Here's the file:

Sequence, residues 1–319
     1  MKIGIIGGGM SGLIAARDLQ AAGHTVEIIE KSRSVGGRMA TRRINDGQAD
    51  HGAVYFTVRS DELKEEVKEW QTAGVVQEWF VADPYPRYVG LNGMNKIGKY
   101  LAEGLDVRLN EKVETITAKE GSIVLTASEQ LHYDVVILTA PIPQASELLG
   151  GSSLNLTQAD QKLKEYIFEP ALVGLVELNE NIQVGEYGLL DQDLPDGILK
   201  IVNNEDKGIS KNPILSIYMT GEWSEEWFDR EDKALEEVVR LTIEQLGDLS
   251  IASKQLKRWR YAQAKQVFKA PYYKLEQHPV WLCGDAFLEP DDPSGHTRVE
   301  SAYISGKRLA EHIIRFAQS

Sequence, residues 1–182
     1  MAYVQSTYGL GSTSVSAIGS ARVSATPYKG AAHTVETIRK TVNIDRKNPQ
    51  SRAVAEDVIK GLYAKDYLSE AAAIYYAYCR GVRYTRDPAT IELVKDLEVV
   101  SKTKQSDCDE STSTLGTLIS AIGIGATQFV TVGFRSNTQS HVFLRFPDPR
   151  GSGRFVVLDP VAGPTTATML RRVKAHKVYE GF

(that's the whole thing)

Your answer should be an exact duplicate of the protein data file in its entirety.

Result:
Sequence, residues 1–319
     1  MKIGIIGGGM SGLIAARDLQ AAGHTVEIIE KSRSVGGRMA TRRINDGQAD
    51  HGAVYFTVRS DELKEEVKEW QTAGVVQEWF VADPYPRYVG LNGMNKIGKY
   101  LAEGLDVRLN EKVETITAKE GSIVLTASEQ LHYDVVILTA PIPQASELLG
   151  GSSLNLTQAD QKLKEYIFEP ALVGLVELNE NIQVGEYGLL DQDLPDGILK
   201  IVNNEDKGIS KNPILSIYMT GEWSEEWFDR EDKALEEVVR LTIEQLGDLS
   251  IASKQLKRWR YAQAKQVFKA PYYKLEQHPV WLCGDAFLEP DDPSGHTRVE
   301  SAYISGKRLA EHIIRFAQS

Sequence, residues 1–182
     1  MAYVQSTYGL GSTSVSAIGS ARVSATPYKG AAHTVETIRK TVNIDRKNPQ
    51  SRAVAEDVIK GLYAKDYLSE AAAIYYAYCR GVRYTRDPAT IELVKDLEVV
   101  SKTKQSDCDE STSTLGTLIS AIGIGATQFV TVGFRSNTQS HVFLRFPDPR
   151  GSGRFVVLDP VAGPTTATML RRVKAHKVYE GF